The Kind of Disciples We’re Becoming: Gaining Clarity

Who We’re Becoming

Without a doubt, this has not been a typical January. Though January is usually the time when people start new habits and seek to gain (or regain) clarity about what truly matters in life, the ambiguity and long-term fatigue of Covid—along with the corresponding feelings of staleness that accompany it—has affected all of us, often dampening our resolve to live with intentionality.

In the midst of all of this, however, it can be a great comfort to remember that God cares far more about the people we’re becoming, than about what we’re “doing for him”—and we can become like him in any season! This is, in fact, God’s deepest desire for us—that we would be “conformed to the image of his Son” (Rom 8:29). God is glorified as more and more people look more and more like Jesus, saturating their locales as living, breathing representatives of Jesus’ heart, words, deeds, character, and goals.

We’re in the People Business

Jesus calls us to be disciples, or students, of him, so that we would grow in just this way. And the mandate and calling of the church is to “make disciples” (Matthew 28:19-20)—to introduce people to Jesus’ life-giving grace as their rescuer, and then to teach those same people to submit every single aspect of their lives to his life-giving leadership as their Lord. In fact, this is all we’re called to do. We could say that the church, then, is “in the people business”. C.S. Lewis put it directly:

The Church exists for nothing else but to draw men into Christ, to make them little Christs. If they are not doing that, all the cathedrals, clergy, missions, sermons, even the Bible itself, are simply a waste of time.” (Mere Christianity)

Gaining Clarity at NSCBC

At NSCBC, therefore, we’ve made a concerted effort over the past several years to increase our clarity about what it looks like to grow as disciples of Jesus. Over three years ago, we engaged as staff, elders, and lay leaders, in the multi-month process of crafting a church-wide definition of a disciple, and to articulating five characteristics, or “marks” growing disciples. This process took a whole lot of seeking the Lord in prayer, study, and conversation, and went through many tweaks and iterations with your feedback (I remember long conversations wrangling over whether or not to add just one word or clause!)—but the result has empowered us to recommit ourselves to the work of making disciples with fresh zeal and intentionality.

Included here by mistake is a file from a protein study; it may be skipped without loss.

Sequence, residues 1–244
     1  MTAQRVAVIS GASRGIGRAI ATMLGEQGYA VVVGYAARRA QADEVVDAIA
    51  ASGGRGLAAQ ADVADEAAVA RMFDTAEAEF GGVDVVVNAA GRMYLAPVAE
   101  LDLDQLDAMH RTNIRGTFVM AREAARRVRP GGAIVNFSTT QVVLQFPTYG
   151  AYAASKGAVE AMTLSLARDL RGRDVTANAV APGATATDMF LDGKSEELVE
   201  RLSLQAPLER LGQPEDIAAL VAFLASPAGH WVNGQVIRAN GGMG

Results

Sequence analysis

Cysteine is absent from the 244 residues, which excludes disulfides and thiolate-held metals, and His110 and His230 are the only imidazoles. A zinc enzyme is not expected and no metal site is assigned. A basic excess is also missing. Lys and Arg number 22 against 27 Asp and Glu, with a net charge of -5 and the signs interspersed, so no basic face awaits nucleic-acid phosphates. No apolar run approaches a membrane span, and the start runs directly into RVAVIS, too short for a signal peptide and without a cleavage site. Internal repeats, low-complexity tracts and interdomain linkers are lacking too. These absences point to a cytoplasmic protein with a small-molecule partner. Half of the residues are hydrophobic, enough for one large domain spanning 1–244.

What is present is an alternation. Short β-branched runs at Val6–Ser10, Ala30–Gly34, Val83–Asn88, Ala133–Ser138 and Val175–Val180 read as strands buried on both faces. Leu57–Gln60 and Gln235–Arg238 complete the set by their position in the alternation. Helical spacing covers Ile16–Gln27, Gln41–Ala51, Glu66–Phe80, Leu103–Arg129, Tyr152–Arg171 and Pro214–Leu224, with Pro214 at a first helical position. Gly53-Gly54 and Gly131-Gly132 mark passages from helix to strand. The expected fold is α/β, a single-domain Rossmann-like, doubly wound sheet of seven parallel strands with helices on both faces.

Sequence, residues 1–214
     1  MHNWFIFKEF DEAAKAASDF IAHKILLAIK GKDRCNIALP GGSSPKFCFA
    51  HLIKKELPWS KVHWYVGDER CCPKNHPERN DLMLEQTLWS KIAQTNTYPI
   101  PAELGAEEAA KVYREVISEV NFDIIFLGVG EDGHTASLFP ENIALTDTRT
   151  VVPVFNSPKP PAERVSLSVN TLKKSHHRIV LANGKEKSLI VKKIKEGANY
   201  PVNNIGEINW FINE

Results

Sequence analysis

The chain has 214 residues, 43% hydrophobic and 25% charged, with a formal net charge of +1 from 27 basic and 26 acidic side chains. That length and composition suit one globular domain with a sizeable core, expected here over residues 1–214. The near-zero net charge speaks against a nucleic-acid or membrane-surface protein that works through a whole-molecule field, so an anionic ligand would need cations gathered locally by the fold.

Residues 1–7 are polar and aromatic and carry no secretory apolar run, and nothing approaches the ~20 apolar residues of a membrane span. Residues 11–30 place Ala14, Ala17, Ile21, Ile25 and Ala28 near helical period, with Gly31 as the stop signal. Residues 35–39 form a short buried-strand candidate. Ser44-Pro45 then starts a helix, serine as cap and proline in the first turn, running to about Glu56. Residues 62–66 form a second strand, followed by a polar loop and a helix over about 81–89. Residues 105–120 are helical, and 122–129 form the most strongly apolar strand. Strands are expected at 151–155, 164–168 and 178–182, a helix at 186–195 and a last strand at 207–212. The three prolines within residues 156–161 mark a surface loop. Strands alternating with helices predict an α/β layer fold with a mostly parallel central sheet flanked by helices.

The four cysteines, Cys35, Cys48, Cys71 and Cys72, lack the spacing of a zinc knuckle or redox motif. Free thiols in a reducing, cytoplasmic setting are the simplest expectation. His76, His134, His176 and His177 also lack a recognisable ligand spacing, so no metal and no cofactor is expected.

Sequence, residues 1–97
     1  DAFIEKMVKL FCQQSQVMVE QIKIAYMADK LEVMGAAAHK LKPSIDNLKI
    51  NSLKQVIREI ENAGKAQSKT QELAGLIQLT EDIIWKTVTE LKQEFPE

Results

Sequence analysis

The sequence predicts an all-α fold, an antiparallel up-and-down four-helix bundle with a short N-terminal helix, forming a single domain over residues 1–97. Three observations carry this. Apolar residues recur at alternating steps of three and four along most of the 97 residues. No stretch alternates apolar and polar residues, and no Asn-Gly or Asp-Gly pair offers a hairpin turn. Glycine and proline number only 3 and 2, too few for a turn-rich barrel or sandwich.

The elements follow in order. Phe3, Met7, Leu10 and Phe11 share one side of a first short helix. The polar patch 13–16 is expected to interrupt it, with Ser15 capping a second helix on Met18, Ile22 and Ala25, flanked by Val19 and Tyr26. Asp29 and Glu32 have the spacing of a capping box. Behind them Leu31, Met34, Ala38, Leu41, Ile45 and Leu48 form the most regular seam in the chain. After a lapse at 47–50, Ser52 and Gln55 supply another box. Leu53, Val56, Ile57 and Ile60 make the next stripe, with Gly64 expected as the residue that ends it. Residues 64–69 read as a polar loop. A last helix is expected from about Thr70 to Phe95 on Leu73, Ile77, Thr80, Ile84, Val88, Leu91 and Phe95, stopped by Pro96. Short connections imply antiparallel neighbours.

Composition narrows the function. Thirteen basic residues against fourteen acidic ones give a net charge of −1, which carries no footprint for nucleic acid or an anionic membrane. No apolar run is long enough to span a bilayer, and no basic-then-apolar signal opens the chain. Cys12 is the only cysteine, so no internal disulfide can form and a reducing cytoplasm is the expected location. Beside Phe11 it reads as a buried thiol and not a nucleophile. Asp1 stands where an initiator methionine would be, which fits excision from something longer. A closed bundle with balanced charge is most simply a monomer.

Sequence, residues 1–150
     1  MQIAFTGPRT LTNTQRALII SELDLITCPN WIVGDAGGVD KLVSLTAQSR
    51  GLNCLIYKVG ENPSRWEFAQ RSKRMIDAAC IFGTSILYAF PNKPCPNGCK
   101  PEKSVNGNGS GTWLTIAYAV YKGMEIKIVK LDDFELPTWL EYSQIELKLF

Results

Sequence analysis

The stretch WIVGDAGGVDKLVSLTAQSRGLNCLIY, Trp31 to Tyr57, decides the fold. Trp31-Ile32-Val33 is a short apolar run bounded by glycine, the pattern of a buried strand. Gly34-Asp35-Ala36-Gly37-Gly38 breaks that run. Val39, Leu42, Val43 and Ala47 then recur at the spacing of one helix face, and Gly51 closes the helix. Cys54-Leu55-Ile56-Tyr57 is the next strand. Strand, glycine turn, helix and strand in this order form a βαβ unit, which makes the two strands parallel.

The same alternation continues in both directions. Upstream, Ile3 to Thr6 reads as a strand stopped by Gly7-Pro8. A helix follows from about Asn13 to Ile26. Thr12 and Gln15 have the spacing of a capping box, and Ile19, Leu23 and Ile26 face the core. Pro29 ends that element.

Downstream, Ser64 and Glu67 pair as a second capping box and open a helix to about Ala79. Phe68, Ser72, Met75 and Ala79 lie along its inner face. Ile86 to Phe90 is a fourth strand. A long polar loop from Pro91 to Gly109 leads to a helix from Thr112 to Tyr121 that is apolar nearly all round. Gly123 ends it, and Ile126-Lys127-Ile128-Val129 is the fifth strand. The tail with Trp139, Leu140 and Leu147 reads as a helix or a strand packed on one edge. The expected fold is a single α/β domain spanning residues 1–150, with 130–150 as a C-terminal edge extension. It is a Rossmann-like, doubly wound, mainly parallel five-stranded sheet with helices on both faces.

Of course, it’s impossible to do justice to the fullness of what it means to be and grow as a disciple of Jesus in just a few descriptive sentences, but I do believe Jesus has been honored by our attempt to gain workable clarity in this area. And it’s paying off.

Over the last three years, armed with greater clarity, we’ve done everything we can to give disciple-making the centrality it deserves in the life of the church. We’ve preached on our definition of a disciple. We’ve made online learning tracks to help our people learn about each mark of a growing disciple. We’ve highlighted stories of people’s growth as disciples, and empowered people with the tools they need to intentionally disciple others. We’ve steadily taken steps to align our current ministries with the kind of disciples we’re seeking to make, and even taken a survey together over each of the last three years, asking our people to self-asses how they’re growing, and where they can continue to grow. Our prayer is that God would only continue to grow our clarity in this area.

Upcoming Blog Series

Over these next several weeks, we’ll be posting six-part blog series aimed at unpacking our definition of a disciple, and our five marks of growing disciples, with illustrations of where we’re seeing this lived out, and what it means for us practically as we seek to follow Jesus together. We hope you’ll join us for the journey and invest in your own growth by reading through the upcoming blogs! In the meantime, however, we encourage you to grow by:

• Revisiting to hear our preaching on the definition of a disciple, read about the five characteristics and engage the online learning tracks

• Reading through last year’s blog series on intentional, multiplying discipleship:
o PART 1: Multiplying Discipleship: Jesus’ Heart and the Church’s Lifeblood
o PART 2: Multiplying Discipleship: An Investment Mindset
o PART 3: Multiplying Discipleship: 4 Barriers
o PART 4: Multiplying Discipleship: Growth at NSCBC